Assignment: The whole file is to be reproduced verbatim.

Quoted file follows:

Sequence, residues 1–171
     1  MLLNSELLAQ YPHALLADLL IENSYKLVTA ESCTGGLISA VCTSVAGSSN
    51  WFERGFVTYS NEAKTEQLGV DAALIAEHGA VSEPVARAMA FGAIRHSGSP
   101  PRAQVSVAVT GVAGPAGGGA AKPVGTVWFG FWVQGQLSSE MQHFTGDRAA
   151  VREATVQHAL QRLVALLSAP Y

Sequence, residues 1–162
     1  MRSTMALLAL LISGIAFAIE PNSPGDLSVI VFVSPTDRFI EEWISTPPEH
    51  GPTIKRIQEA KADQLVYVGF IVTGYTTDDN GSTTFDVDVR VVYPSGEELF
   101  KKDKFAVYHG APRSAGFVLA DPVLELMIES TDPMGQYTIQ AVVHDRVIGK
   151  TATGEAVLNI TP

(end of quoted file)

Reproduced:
Sequence, residues 1–171
     1  MLLNSELLAQ YPHALLADLL IENSYKLVTA ESCTGGLISA VCTSVAGSSN
    51  WFERGFVTYS NEAKTEQLGV DAALIAEHGA VSEPVARAMA FGAIRHSGSP
   101  PRAQVSVAVT GVAGPAGGGA AKPVGTVWFG FWVQGQLSSE MQHFTGDRAA
   151  VREATVQHAL QRLVALLSAP Y

Sequence, residues 1–162
     1  MRSTMALLAL LISGIAFAIE PNSPGDLSVI VFVSPTDRFI EEWISTPPEH
    51  GPTIKRIQEA KADQLVYVGF IVTGYTTDDN GSTTFDVDVR VVYPSGEELF
   101  KKDKFAVYHG APRSAGFVLA DPVLELMIES TDPMGQYTIQ AVVHDRVIGK
   151  TATGEAVLNI TP